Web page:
Law and Literature Text and Theory

ISBN-10: 0815320469
ISBN-13: 9780815320463
Edition: 1996 (Reprint)
Authors: Lenora Ledwon
List price: $58.95 Buy it from $6.85
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Description: The first anthology of its kind in this dynamic new field of study, this volume offers students the best of both worlds-theory and literature. Organized around specific themes to facilitate use of the text in a variety of courses, the material is  More...

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Book details

List price: $58.95
Copyright year: 1996
Publisher: Garland Publishing, Incorporated
Publication date: 11/1/1995
Binding: Paperback
Pages: 518
Size: 6.25" wide x 9.25" long x 1.25" tall
Weight: 1.738
Language: English

The first anthology of its kind in this dynamic new field of study, this volume offers students the best of both worlds-theory and literature. Organized around specific themes to facilitate use of the text in a variety of courses, the material is highly accessible to undergraduates and is suitable as well for graduate students and law students. The anthology includes important articles by key figures in the law and literature debate, and presents seven thematically arranged sections that: Survey the various theoretical perspectives that inform the relationship of law and literature Examine the interplay of ethics, law, and justice * Highlight the great scope and variety of the law's contributions to the creation of a world view * Illustrate various legal approaches to punishment * Detail and analyze the law's inherent capacity for the oppression of individuals and groups * Demonstrate that law is grounded in language and storytelling * Show that despite its solemnity, the law has a comicside Each section includes excerpts from poetry, drama, fiction, and nonfiction. The excerpts include writings addressing the law's impact on the "outsider" (women, Native Americans, Hispanics, African Americans, and homosexuals), as well as writings by lawyers, judges, and law professors, giving the reader an "insider's" view of the legal system. The selections range from Plato to John Barth and Wallace Stevens. At this time of increased interest in the quality of legal writing, this course material illustrates the importance of language, word choice, metaphor, and narrative. It demonstrates the practical application of literary effects, techniques, and devices, and provides valuable insights into law as a vital component of the social fabric. SPECIAL FEATURES All law schools that do not already have one in place are required to institute a course in Law and Literature. This new anthology is the first of its kind, and has been specifically designed to meet the requirements of a Lawand Literature course * Selections from judges, lawyers, and professors of law give students an insider's view of the legal system * Chronological coverage-from Plato to such 20th-century writers as John Barth and Wallace Stevens-offers students a broad range of selections that examine the relationship between law, justice, ethics, and literature * Multicultural writings address the law's capacity for the oppression of individuals and groups, including women, Native Americans, African Americans, Hispanics, and homosexuals * Law and punishment-several selections examine this area from various points of view Suitable for courses in Law and literature courses in law schools and undergraduate divisions as well as interdisciplinary courses in English literature.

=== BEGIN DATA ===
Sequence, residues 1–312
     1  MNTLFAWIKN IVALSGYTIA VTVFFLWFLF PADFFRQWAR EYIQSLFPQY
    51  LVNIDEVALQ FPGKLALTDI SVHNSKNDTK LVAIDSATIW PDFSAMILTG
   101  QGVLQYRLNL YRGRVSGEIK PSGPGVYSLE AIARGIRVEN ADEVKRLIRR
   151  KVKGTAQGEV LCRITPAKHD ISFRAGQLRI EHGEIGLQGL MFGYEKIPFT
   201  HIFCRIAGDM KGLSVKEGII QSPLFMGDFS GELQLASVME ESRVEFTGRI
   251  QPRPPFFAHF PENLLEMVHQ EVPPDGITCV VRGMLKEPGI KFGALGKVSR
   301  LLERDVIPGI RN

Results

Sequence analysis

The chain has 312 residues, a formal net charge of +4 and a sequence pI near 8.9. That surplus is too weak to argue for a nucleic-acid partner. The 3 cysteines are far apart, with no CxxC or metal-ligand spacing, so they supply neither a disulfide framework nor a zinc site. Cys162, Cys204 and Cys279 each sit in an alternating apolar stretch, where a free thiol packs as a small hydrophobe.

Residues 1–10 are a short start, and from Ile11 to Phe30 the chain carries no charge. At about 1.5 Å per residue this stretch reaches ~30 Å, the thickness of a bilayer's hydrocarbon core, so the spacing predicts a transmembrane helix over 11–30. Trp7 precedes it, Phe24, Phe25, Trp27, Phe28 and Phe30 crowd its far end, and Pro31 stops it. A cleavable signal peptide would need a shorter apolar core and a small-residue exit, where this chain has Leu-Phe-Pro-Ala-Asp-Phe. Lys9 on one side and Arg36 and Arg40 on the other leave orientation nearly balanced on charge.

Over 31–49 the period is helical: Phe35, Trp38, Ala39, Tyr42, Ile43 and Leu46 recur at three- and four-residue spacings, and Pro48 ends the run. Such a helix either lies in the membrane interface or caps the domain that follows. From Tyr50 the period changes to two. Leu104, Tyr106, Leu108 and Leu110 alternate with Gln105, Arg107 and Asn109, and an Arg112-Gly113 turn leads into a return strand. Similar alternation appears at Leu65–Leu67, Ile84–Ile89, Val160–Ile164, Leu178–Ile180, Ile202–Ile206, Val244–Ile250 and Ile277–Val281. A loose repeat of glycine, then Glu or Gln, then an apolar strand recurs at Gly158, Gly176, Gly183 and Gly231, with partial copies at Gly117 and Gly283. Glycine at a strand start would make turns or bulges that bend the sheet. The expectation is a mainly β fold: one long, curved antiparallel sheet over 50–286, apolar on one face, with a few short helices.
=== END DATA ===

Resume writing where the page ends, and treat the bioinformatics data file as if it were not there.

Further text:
Preface
Acknowledgments
The Judicial Opinion and the Poem: Ways of Reading, Ways of Life
How Law Is Like Literature
Working on the Chain Gang: Interpretation in Law and Literature
Law and Literature: A Relation Reargued
Convergences: Law, Literature, and Feminism
Economic Man and Literary Woman: One Contrast
"To Edwin V. McKenzie: On His Defense of David Lamson"; "To a Woman on Her Defense of Her Brother Unjustly Convicted of Murder: Written after an Initial Study of the Evidence"; "To David Lamson: Awaiting Retrial, in the Jail at San Jose"
"The Defence of Guenevere"
Trifles
Chapter 6, Anatomy of a Murder
Chapter 1, Diary of a Yuppie
"The Law," The Floating Opera
"On the Duty of Civil Disobedience"
"Apology"
"Law Like Love"
"Hamilton Greene," Spoon River Anthology
Act I, Scene VI, Saint Joan
Chapter I, "In Chancery," Bleak House
"Before the Law," The Trial
"Bartleby the Scrivener"
"Address to the Prisoners in the Cook County Jail"
"On Teaching the Legality of Televising Capital Punishments"
"Porphyria's Lover"
Act 4, Scene 1, The Merchant of Venice
Part II, Chapters 3 and 4; A Clockwork Orange
Chapter 43, "The Verdict," Adam Bede
"Panopticism, Discipline and Punish"
"Hard Rock Returns to Prison from the Hospital for the Criminal Insane"
Act I, Scenes 9-11; Zoot Suit
Act I, Scenes 5 and 6; Bent
"Jim's Capture," Huckleberry Finn
Chapter 19, To Kill a Mockingbird
"Lemorne versus Huell"
Excerpt from "English Laws for Women in the Nineteenth Century"
"Big Man's Rules and Laws"
Chapter XL, "The Fugitive Slave Law," and Chapter XLI, "Free at Last," Incidents in the Life of a Slave Girl
"Men Made Out of Words"
Excerpt from Act Two, A Man for All Seasons
"Wandering Willie's Tale," Redgauntlet
Chapter XI, "Who Stole the Tarts?" and Chapter XII, "Alice's Evidence," Alice's Adventures in Wonderland
"Realism and the Novel Form," The Rise of the Novel
"Poor Richard's Opinion"
Trial By Jury
Chapter 6, "Expectations," The Associates
Chapter 4, The Shortest Way to Hades
"The Mythos of Spring: Comedy," Anatomy of Criticism

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